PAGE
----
I know it depends on mass and speed, so take for example the asteroid that caused dinosaurs mass extinction. I read that it was 6km (10 miles) wide. How fast did the destruction - trees, rocks, dirt, debris - traveled? Was it the same speed as the shockwave?
I think you multiplied instead of dividing for km/miles. Either way, that is a big rock going very fast. Won't the atmosphere slow it down? Not really. Its diameter is as much as the thicker part of the atmosphere. There is a second or less from hitting the whips of atmosphere and hitting the surface.
Super-heated compressed air will be pushed at hypersonic (or orbital) speeds - fast enough and hot enough to cut through rock- and contact with the ground will squirt material out at those speeds as well. Molten white hot material mixed with cooler material pushed by it and it will travel at hypersonic speeds for great distances with some going into space and coming down anywhere on Earth. The atmospheric shockwave will be supersonic for a long ways then become the speed of sound. Note the speed of sound is determined by temperature, not density. Compression by the shock wave will have some strange heating effects.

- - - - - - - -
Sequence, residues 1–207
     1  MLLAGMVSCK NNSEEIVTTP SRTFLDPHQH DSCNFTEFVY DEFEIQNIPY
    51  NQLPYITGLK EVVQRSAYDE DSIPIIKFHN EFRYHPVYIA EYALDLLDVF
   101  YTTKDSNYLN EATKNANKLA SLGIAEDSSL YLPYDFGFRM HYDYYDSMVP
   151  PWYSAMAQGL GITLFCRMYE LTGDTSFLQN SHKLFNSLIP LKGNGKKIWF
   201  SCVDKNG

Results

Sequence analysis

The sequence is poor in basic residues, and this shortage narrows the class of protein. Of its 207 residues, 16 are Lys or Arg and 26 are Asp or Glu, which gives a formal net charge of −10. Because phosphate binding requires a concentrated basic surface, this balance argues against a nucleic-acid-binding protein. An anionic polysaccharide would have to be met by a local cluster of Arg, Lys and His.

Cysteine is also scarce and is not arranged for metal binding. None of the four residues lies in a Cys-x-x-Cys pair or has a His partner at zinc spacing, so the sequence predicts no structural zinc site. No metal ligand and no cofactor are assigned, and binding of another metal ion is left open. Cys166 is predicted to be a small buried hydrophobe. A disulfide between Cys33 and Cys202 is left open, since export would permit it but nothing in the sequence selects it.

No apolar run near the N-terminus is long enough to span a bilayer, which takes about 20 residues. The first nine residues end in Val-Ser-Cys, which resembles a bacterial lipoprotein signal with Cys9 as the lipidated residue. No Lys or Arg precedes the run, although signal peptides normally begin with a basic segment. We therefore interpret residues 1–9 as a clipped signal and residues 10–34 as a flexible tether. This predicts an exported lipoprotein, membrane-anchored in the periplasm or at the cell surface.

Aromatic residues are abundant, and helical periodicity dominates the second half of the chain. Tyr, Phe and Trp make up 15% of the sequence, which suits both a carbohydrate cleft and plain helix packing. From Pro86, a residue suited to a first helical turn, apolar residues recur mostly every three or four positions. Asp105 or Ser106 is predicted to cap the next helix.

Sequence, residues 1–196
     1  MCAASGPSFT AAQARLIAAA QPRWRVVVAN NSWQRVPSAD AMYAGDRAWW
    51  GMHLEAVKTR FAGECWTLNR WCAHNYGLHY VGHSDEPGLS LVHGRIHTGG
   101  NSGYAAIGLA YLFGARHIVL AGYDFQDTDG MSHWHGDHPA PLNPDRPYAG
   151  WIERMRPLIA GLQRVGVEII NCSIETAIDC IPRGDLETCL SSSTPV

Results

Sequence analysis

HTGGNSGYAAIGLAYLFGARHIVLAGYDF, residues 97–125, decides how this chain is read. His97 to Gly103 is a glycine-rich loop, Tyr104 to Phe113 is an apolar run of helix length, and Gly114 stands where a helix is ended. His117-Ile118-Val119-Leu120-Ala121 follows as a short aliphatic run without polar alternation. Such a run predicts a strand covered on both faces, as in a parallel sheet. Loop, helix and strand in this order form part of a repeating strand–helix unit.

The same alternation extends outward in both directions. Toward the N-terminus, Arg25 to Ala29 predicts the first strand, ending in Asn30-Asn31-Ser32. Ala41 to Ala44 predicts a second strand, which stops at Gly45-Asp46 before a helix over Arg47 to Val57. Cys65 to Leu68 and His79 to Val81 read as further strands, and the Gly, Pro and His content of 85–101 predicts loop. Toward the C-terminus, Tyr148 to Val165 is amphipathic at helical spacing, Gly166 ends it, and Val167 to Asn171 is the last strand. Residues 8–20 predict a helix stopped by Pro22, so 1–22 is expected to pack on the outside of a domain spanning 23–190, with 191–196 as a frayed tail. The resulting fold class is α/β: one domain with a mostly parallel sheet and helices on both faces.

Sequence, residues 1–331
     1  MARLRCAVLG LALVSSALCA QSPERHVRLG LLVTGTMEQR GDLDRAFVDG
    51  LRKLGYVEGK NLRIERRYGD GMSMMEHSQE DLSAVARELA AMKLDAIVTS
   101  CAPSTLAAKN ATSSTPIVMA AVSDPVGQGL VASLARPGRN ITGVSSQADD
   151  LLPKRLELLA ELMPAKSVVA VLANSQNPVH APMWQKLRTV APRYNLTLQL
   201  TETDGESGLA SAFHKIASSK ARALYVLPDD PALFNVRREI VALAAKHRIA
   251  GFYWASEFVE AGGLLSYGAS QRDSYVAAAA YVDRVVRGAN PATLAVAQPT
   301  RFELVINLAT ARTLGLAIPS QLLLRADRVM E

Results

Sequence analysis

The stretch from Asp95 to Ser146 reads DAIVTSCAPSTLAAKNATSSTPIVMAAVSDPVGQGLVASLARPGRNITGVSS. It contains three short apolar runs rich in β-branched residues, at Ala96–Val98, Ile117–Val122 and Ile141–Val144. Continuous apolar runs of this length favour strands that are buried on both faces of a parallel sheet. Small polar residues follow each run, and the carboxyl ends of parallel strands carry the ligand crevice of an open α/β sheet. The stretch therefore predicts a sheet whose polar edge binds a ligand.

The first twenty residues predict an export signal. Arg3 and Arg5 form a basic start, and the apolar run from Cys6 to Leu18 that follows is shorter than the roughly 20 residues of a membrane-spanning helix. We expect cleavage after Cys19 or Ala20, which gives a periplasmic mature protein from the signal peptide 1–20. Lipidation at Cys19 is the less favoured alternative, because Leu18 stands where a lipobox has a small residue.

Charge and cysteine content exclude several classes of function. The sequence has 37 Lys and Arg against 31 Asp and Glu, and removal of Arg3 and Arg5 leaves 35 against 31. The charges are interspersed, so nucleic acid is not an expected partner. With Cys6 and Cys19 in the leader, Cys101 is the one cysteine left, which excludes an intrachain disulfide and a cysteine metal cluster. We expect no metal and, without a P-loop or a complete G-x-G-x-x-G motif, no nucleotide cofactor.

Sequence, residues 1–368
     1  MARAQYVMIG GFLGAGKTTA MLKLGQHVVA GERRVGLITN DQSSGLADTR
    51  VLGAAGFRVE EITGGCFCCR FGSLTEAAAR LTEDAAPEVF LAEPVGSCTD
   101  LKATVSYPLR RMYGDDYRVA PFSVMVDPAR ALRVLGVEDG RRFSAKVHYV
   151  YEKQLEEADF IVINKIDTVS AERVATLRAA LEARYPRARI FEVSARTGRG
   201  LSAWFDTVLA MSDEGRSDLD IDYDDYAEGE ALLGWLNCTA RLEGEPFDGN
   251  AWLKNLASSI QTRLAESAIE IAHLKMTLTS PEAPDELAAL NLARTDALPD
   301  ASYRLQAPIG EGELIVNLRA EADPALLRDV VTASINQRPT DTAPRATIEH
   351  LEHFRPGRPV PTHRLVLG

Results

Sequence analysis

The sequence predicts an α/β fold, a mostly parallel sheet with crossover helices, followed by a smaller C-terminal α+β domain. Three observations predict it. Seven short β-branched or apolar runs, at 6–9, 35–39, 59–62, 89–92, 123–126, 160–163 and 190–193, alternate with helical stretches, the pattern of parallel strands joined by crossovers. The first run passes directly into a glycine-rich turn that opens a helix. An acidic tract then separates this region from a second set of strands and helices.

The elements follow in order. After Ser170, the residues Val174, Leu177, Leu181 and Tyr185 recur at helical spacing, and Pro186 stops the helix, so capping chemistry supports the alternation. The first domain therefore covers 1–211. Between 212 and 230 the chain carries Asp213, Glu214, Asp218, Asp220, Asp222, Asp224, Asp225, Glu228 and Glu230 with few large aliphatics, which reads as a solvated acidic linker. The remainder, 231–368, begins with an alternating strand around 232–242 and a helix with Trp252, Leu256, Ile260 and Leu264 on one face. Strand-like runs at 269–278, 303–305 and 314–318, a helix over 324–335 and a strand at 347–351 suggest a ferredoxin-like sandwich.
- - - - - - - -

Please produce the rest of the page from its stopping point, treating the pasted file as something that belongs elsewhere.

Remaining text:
All in all, a very bad day but quite something to see from a safe distance. By the way, it would looke rather slow. Hollywood explosions of this sort move faster than light if you do thumbnail calculations.